I was scratching my head about The Lobster before one of many orange-shirted TIFF volunteers had ripped my ticket. All I knew was that it had better be good. Taking our seats only minutes after Demolition (our first screening of the Festival), the Lobster had some big shoes to fill.
I found it hard to tell how the audience in general reacted to yesterday‘s North American premiere. Their applause and questions seemed more courteous than the more rapturous reaction to Demolition and Eye in the Sky. I, for one, immediately congratulated myself for gambling one of my precious 10-pack tickets on this wonderfully bizarre movie.
In what I believe is his first English-language feature, Greek co-writer-director Yorgos Lanthimos told us that he and co-writer Efthymis Fllippou got to talking about how they’d like to make a movie about relationships and so…they made this. In a world where pressure on singles to partner up has reached a whole new level, recently dumped Colin Farrell is forced to check in to a hotel where he has 45 days to find a mate or he’ll be turned into an animal of his choice (a lobster in his case). The rules of this world are weird but oddly familiar, with hotel residents desperately seeking oddly specific things they can have in common with their dates (beware the nosebleeds scene, as well as so many others). It’s weird, but as the survivor of many bad dates, I sort of understood this world.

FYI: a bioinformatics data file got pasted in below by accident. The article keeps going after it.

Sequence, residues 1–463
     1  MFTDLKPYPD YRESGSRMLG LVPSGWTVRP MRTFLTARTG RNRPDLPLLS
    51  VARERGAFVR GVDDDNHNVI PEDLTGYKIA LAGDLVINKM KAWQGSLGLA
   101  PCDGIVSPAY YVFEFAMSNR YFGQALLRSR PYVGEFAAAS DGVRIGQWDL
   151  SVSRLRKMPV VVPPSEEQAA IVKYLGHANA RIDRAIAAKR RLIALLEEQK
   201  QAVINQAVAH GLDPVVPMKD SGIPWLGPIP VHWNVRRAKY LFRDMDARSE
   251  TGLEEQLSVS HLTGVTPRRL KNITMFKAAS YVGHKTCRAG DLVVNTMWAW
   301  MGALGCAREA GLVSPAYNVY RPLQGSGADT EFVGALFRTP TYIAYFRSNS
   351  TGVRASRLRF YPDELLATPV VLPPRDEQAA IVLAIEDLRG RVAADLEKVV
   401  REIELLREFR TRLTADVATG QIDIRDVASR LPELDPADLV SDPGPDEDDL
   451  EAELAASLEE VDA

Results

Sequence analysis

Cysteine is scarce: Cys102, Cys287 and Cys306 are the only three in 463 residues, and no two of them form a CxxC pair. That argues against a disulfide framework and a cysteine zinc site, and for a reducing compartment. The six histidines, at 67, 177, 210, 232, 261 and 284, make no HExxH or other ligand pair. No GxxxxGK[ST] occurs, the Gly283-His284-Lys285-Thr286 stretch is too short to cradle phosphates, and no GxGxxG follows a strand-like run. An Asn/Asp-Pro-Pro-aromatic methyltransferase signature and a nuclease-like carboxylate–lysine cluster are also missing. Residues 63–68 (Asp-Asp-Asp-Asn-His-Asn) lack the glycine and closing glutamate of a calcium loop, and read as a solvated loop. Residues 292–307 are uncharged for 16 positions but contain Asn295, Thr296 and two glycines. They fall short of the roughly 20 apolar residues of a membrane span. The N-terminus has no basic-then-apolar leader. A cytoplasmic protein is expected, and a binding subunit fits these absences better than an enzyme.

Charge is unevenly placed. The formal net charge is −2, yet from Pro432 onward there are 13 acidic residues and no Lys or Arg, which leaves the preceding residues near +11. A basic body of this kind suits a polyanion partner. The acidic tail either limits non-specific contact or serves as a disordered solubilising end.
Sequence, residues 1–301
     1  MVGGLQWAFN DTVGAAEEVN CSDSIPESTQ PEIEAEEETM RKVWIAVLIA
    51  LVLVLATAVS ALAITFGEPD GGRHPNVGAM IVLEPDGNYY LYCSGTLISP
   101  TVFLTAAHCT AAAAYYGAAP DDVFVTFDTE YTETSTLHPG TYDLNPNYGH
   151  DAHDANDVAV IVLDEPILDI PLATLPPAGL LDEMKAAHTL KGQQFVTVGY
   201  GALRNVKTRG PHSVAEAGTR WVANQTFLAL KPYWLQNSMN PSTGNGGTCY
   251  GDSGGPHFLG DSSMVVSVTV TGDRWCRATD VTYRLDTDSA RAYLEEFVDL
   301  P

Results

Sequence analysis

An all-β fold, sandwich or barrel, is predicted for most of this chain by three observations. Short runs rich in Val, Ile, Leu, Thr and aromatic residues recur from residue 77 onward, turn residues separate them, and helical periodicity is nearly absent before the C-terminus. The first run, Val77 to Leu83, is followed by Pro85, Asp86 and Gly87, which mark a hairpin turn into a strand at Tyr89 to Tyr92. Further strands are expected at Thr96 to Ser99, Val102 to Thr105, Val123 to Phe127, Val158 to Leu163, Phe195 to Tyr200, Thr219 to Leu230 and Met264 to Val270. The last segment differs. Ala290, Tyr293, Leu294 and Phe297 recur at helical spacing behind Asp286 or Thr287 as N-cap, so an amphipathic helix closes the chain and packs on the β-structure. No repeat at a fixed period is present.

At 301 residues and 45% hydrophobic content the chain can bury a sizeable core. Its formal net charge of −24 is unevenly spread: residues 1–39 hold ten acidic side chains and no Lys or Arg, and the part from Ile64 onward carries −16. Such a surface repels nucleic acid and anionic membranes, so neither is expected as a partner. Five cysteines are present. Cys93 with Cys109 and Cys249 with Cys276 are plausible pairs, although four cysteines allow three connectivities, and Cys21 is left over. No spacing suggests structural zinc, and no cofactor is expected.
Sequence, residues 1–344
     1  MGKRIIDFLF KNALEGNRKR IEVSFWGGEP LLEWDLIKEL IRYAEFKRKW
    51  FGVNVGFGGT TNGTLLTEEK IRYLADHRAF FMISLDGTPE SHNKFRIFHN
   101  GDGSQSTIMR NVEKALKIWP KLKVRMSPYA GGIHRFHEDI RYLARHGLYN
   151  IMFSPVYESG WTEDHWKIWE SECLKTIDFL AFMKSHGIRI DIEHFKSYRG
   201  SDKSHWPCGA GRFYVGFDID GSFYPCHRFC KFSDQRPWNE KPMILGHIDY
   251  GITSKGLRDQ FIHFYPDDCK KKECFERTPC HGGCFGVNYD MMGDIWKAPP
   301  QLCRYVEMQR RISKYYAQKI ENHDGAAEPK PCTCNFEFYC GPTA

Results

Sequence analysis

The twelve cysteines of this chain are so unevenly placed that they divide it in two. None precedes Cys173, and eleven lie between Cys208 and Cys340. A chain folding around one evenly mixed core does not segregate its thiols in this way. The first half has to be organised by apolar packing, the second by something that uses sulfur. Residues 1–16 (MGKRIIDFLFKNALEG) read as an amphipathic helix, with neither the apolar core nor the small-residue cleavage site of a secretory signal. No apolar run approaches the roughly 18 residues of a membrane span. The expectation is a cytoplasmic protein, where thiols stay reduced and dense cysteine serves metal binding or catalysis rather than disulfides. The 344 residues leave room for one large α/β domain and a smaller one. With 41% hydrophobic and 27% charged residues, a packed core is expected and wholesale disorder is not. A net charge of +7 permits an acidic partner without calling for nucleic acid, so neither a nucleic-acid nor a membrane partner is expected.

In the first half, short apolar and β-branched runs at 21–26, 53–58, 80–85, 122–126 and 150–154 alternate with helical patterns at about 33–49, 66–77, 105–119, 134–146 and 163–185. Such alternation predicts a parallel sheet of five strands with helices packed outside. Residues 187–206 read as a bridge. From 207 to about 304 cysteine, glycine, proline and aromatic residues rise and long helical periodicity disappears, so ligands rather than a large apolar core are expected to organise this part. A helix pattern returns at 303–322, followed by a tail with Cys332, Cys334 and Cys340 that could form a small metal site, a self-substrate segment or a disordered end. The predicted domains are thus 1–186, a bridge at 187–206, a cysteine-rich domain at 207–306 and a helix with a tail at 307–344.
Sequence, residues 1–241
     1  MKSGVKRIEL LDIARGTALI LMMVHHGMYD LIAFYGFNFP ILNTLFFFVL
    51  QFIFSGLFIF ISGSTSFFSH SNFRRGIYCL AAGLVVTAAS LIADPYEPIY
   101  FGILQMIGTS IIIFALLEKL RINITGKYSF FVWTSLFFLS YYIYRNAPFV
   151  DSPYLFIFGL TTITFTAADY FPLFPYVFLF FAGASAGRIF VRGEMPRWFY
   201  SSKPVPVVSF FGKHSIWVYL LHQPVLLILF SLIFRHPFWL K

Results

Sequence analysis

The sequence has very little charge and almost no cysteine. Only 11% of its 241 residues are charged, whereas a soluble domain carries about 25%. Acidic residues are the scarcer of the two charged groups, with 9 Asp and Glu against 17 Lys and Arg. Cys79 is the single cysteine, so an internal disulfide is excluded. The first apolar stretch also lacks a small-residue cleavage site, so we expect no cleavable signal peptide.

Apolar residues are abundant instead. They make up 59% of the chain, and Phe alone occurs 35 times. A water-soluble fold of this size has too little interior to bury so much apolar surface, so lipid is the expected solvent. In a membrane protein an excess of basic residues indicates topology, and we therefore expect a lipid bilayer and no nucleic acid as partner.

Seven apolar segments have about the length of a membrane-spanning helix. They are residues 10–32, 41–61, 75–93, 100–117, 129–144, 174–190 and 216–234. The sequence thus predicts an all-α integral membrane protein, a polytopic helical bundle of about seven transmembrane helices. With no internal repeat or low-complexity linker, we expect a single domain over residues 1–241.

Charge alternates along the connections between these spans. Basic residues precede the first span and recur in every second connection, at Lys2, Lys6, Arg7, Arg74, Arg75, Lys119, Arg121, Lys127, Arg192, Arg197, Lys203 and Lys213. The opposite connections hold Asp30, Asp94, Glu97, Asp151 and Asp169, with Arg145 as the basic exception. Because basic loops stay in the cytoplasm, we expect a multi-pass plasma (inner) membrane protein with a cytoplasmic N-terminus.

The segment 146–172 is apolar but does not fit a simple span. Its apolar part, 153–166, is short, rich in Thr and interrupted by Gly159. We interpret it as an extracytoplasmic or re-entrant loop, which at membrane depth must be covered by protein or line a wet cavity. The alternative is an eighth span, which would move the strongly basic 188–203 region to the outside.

The Lobster is a laugh-out-loud funny movie, especially in the increasing absurdity of the situation and the Wes Andersony matter-of-factness with which the cast (Farrell, Rachel Weisz, John C. Reilly, and Ben Winstan) deliver their absurd lines. It’s also, as Lanthimos and Weisz kept insisting, strangely romantic (albeit in a perverse way). It’s one-of-a-kind and I can’t wait to see it again.